Live fast and die young: metal effects on condition and physiology of wild yellow perch from two metal-contamination gradients.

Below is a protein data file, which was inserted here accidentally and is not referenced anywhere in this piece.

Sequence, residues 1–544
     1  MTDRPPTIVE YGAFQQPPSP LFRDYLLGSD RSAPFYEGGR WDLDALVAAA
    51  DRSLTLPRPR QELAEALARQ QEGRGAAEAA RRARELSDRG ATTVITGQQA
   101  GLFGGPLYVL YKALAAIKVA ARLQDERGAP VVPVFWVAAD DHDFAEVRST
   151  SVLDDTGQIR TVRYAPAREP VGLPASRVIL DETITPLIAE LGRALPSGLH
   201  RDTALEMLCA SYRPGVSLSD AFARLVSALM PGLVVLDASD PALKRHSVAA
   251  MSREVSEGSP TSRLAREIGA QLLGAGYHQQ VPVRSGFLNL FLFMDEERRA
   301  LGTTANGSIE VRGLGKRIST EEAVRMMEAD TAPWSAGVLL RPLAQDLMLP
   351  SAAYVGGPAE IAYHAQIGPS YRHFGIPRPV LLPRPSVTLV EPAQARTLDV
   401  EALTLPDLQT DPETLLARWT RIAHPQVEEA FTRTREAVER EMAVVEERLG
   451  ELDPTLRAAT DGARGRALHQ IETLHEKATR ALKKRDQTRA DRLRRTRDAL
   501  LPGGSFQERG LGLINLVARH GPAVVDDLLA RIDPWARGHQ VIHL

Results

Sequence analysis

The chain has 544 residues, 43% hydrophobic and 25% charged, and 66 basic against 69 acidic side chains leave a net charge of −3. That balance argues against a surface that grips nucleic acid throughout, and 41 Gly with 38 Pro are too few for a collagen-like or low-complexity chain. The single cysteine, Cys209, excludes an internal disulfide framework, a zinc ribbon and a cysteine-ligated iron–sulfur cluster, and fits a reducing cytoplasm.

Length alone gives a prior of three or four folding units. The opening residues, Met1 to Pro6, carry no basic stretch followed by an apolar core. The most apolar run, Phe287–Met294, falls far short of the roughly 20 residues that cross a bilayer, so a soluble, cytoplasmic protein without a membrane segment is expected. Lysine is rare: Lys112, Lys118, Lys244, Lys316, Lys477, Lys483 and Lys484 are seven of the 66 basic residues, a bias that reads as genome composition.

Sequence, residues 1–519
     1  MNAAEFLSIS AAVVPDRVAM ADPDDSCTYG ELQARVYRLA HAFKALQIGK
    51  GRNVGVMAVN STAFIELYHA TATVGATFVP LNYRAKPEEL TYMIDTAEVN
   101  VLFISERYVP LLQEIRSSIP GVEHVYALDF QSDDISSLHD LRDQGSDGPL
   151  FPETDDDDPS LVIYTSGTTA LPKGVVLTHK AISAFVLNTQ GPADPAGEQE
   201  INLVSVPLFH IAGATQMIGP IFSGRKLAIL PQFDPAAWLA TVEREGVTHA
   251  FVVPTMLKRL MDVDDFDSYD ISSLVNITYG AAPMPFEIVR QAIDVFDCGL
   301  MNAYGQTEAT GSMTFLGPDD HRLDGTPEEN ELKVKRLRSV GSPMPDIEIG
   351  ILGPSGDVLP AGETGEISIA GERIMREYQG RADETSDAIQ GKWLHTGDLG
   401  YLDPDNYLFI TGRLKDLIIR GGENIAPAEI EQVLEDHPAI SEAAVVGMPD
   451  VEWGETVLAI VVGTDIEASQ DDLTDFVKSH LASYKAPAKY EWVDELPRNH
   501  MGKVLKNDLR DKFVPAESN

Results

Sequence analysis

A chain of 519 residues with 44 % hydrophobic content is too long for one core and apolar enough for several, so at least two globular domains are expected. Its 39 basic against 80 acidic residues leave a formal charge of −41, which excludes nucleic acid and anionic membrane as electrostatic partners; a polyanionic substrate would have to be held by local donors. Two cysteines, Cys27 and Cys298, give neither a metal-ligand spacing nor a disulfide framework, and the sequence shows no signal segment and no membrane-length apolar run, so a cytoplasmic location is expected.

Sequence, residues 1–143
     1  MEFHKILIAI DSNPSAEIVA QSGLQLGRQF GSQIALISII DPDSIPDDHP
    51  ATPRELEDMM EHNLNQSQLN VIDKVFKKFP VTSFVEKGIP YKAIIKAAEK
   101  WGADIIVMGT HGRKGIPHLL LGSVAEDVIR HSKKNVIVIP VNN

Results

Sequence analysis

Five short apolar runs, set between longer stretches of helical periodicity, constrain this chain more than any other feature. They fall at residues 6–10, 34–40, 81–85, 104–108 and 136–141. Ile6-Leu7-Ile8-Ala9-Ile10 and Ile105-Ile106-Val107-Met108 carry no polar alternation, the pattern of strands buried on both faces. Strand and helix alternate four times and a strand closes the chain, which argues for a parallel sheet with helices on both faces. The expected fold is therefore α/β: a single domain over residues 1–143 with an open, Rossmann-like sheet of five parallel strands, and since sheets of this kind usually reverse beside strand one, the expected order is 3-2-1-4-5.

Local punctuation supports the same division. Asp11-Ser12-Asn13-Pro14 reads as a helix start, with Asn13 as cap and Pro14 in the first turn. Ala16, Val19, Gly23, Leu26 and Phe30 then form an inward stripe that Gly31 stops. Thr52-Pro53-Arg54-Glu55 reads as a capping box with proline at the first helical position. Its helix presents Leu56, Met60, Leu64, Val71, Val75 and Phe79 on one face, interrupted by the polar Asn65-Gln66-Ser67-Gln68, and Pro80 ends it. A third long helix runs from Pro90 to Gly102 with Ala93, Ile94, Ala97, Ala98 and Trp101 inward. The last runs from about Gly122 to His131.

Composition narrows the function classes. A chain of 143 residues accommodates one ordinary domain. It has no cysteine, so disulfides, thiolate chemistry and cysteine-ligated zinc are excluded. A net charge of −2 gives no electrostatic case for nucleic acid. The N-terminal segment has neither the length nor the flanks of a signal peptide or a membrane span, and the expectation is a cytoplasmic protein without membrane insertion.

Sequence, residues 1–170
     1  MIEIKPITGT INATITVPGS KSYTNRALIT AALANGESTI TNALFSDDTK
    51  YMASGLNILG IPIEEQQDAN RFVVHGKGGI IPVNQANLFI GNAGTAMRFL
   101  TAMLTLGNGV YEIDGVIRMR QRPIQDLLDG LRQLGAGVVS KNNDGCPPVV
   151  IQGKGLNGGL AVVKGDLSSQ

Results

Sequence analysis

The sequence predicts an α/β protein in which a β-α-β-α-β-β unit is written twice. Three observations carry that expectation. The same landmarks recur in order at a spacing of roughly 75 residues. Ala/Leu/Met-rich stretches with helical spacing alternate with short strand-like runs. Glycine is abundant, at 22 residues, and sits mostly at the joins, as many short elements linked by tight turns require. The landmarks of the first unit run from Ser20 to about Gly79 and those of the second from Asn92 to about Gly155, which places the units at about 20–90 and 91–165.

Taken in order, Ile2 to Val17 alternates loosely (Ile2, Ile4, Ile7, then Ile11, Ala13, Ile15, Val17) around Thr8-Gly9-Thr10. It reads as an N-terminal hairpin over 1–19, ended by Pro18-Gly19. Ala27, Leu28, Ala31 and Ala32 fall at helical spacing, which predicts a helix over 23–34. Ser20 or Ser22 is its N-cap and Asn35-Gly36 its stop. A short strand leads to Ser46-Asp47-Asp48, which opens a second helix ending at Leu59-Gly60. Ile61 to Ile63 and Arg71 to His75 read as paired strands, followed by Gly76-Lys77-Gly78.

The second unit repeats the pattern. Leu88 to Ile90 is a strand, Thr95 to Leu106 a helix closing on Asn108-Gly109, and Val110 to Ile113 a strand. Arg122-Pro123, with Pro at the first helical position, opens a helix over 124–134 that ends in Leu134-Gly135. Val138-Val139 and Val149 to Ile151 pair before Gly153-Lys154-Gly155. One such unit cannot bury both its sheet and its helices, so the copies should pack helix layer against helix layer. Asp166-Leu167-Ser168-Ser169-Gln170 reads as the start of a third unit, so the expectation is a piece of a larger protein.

This review summarizes some of the main findings of our work with the Metals in the Environment Research Network examining seasonal and regional effects on metal accumulation, growth, condition, and physiology in wild yellow perch (Perca flavescens ) from 10 lakes comprising two metal contamination gradients in the indus- trial regions of Sudbury, Ontario and Rouyn-Noranda, Qu ยด ebec, Canada. The specific objectives of this review are: (1) to propose threshold tissue metal concentrations to discriminate between fish from contaminated and reference sites; (2) to identify factors that can influence metal accumulation and fish condition; and (3) to define an experimental approach for measuring metal effects in wild yellow perch. Using tissue thresholds appeared useful not only for discriminating fish from clean or con- taminated environments, but also provided a simple approach to examine metabolic consequences of tissue metal accumulation. Overall, fish from Sudbury grew faster, expressed higher aerobic capacities, and died younger, but also appeared better at limiting accumulation of some metals than Rouyn-Noranda fish. The condition of the latter fish was clearly more affected by metals than Sudbury fish. Finally, our dataset allows us to propose that yellow perch are highly suitable for ecological risk assessment studies of metal effects in wild fish, but that fish size, season, and re- gion must be considered in sampling design and that several reference sites must be studied for meaningful conclusions to be reached.